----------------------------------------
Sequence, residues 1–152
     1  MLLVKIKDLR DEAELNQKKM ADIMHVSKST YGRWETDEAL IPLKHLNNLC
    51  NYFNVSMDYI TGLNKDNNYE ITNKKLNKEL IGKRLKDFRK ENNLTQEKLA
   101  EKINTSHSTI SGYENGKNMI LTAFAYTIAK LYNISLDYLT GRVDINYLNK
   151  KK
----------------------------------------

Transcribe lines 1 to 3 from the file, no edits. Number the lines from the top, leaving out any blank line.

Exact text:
Sequence, residues 1–152
     1  MLLVKIKDLR DEAELNQKKM ADIMHVSKST YGRWETDEAL IPLKHLNNLC
    51  NYFNVSMDYI TGLNKDNNYE ITNKKLNKEL IGKRLKDFRK ENNLTQEKLA